Ever since TV cameras in Youngstown caught Marc Dann telling a newspaper reporter to “go f*%k himself” last summer, the media has had a strange obsession with the Ohio Attorney General.
It’s hard blame them. Considering most politicians speak as passionately as the guy who writes instruction manuals for Maytag – see the current roster of presidential candidates – someone who actually speaks like a human is rather unusual.
Last month, Dayton Daily News reporter Laura Bischoff filed a public records request for every office e-mail sent by Dann since he took office. Youngstown Vindicator reporter David Skolnick followed up by requesting all of the emails on Dann’s Yahoo account.
Unfortunately for the eager reporters, the attorney general seems to save his best cussing for in-person interviews. Other than one instance where Dann used the term “MF’er,” and another in which he compared the crucifixion of Christ to receiving bad press, the stories were about as salacious as grandma’s zucchini bread.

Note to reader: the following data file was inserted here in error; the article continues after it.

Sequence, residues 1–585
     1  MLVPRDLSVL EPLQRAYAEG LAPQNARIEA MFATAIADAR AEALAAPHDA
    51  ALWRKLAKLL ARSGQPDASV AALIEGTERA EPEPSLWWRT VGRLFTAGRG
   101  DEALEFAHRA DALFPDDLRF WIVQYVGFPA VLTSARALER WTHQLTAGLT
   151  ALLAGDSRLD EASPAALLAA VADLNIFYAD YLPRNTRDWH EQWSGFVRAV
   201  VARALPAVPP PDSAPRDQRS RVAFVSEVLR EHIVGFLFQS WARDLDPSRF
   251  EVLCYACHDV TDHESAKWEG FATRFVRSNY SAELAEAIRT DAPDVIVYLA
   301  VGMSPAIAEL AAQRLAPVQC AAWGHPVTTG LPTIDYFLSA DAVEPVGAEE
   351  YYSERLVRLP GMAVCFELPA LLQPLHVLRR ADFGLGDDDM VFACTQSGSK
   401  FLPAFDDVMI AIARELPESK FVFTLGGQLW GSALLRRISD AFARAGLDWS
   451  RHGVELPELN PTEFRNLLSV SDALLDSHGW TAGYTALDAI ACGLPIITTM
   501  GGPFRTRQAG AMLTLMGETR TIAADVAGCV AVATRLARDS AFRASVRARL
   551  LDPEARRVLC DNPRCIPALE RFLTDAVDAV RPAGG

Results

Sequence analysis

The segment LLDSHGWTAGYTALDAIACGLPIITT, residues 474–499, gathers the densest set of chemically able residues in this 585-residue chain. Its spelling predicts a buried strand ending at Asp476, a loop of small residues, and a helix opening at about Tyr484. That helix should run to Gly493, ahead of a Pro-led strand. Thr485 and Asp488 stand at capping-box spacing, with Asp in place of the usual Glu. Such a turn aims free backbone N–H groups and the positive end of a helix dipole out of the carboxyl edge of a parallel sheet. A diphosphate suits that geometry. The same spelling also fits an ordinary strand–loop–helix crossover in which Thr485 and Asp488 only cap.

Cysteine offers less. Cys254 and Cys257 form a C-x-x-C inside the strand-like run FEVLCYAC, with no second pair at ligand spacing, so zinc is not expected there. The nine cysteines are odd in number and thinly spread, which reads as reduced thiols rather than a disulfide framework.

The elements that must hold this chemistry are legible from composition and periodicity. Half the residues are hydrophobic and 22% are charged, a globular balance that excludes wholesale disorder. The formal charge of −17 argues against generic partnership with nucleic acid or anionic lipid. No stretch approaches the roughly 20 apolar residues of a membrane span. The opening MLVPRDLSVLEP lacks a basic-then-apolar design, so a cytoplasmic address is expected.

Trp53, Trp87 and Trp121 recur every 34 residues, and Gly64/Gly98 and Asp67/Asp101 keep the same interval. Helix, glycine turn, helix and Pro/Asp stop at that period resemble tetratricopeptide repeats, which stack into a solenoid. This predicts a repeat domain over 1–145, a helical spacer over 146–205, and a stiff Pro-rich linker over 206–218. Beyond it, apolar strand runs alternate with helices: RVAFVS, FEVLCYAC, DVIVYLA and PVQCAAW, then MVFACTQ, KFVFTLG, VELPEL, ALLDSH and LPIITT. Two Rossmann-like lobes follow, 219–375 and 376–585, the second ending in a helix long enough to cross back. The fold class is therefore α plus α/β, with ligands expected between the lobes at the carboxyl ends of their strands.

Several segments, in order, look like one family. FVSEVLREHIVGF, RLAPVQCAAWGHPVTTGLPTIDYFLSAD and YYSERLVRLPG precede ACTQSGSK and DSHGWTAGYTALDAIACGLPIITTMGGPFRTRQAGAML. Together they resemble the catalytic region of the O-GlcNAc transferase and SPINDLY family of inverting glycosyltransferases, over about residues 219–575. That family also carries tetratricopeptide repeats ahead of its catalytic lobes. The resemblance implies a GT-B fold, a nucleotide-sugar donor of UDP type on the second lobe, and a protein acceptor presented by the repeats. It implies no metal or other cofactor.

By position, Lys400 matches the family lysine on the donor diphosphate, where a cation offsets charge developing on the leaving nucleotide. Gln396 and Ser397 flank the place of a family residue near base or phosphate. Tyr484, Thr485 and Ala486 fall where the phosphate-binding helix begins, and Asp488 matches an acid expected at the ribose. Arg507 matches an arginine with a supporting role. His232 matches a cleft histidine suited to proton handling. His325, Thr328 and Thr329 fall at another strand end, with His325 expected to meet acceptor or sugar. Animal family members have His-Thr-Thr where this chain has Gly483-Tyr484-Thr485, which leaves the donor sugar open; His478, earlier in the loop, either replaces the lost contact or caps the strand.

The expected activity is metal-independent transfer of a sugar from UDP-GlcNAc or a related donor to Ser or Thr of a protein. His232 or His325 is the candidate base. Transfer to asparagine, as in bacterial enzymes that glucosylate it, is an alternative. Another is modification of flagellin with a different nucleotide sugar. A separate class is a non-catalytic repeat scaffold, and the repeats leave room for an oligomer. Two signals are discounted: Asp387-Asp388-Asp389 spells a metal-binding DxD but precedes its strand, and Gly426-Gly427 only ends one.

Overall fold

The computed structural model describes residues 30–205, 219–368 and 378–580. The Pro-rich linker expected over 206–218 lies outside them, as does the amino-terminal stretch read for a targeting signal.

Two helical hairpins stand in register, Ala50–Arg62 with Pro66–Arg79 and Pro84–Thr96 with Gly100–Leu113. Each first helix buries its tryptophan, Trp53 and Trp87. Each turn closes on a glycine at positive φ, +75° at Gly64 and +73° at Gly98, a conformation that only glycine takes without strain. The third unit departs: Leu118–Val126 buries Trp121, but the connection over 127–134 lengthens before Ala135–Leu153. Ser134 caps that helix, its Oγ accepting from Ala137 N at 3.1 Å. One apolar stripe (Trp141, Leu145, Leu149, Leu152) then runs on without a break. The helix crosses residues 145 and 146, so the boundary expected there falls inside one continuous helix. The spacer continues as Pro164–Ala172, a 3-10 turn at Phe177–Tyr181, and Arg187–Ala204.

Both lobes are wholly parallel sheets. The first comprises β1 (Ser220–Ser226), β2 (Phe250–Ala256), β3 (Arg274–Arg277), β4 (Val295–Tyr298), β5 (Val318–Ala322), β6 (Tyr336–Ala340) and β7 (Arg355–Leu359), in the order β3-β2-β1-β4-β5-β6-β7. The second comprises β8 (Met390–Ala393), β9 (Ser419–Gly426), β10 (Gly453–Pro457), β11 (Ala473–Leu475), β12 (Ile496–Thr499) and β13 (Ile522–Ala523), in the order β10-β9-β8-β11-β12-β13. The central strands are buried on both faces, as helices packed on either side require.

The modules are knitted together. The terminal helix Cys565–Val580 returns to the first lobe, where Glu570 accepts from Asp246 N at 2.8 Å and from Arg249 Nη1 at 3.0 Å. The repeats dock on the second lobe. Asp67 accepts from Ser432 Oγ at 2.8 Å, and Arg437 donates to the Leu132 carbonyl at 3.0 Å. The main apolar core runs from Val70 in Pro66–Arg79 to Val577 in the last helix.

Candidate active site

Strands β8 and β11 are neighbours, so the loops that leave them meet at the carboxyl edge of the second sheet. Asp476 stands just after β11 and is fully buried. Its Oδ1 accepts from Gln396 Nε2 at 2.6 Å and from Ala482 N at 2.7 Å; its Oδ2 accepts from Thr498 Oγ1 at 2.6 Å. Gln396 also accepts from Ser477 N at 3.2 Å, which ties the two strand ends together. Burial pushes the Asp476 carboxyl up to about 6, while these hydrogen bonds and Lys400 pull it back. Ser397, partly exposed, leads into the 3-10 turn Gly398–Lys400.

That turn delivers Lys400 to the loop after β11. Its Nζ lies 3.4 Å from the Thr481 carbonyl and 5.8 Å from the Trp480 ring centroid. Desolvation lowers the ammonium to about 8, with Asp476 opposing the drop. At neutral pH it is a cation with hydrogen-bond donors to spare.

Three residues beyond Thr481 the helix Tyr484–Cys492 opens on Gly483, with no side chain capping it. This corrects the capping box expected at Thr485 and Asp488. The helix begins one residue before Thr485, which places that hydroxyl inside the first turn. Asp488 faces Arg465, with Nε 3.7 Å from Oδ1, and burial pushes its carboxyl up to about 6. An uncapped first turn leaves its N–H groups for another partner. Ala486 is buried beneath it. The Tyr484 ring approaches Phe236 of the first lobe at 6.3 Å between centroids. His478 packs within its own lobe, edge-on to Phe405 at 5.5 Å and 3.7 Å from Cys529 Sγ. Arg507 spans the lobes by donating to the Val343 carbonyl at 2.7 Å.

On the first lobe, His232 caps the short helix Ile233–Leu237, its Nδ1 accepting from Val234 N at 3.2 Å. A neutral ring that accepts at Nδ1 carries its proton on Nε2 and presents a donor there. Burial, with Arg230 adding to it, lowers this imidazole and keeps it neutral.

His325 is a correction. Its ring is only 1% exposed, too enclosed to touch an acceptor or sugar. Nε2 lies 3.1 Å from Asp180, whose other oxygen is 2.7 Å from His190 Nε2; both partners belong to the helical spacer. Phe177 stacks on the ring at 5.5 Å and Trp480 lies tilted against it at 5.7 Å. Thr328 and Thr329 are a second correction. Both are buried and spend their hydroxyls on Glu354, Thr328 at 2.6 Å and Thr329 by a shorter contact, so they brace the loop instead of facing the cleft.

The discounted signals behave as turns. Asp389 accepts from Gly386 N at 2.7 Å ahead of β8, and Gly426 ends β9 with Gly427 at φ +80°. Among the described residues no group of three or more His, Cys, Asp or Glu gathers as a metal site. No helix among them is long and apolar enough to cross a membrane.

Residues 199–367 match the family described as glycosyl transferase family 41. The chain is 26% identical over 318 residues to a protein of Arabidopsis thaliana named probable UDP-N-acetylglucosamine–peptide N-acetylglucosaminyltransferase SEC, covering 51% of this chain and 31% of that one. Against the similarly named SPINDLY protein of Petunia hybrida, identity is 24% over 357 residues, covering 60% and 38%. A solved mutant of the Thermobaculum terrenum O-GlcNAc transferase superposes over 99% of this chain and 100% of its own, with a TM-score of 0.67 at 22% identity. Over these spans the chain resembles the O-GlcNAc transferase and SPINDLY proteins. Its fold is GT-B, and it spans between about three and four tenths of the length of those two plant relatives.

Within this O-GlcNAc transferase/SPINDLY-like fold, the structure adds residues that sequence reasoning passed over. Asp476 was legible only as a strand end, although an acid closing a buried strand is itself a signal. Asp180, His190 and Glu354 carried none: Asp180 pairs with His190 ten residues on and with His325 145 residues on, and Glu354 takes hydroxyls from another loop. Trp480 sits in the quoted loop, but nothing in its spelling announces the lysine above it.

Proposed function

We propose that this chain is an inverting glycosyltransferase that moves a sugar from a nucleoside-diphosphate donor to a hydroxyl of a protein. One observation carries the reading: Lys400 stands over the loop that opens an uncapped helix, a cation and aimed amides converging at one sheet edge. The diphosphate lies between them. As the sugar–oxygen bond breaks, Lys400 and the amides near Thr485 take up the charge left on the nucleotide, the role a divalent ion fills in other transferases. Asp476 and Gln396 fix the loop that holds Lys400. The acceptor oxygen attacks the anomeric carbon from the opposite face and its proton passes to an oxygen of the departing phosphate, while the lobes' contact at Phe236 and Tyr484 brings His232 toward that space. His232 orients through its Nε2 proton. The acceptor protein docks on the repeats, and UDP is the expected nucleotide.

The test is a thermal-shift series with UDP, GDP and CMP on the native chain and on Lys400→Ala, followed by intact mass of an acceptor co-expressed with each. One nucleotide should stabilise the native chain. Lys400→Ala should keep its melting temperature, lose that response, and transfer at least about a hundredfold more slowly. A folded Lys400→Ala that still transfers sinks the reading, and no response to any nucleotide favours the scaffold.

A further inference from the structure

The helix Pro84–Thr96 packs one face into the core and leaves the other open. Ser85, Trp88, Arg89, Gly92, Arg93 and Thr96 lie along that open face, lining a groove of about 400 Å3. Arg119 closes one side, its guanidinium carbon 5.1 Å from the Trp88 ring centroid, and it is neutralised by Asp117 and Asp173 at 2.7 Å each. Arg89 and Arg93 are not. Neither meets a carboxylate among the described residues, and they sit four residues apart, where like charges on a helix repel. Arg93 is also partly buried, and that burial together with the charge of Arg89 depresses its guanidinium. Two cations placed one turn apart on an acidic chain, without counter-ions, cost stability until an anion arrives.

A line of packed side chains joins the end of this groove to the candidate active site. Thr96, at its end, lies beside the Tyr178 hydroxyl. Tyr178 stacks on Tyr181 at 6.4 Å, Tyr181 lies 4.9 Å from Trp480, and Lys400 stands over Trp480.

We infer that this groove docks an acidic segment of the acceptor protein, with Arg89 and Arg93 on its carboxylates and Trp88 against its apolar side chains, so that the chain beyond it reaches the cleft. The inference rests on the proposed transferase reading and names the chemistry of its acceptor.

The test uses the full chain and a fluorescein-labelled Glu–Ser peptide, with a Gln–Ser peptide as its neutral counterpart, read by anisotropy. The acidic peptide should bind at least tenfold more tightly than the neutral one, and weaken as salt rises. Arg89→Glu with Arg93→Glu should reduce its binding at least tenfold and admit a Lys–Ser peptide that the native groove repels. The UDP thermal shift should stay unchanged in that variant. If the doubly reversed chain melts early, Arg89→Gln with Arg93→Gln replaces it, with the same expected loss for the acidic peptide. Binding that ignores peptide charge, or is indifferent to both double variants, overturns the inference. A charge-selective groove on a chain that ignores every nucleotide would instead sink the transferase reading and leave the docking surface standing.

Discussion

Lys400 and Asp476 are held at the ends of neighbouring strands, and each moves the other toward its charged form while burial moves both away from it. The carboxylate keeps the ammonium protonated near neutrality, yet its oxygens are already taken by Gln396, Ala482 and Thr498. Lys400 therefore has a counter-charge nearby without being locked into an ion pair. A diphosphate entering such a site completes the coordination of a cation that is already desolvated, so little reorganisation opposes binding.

The constant press was especially frustrating for Dann’s communications director, Leo Jennings. “I don’t get the point,” Jennings told Scene last month. “If Marc Dann gets frustrated and says Goddamnit, it shouldn’t be the focus of the media for four days.”
Yet now Jennings himself is the target of the profanity police. The Dayton Daily News recently revealed an e-mail from Jennings to Steve Lamantia, the former head of the Bureau of Criminal Investigation, who had angered Jennings by going around him to another AG spokesperson with details of the death of a Summit County Jail inmate.
“Steve, the fact that you thought you could go around me to Jennifer Brindisi shows what an absolute &*^%%&& incompetent insubordinate moron you really are. You’ve completely botched this. I know it, you know [it], and everyone else is going to know it, you coward. If you have something to say to me, call me and say it to me you *&^%$. Leo.”
Jennings has since been reprimanded by Dann for the outburst. From now on, all profanity-laced meltdowns must be made in person. – Jared Klaus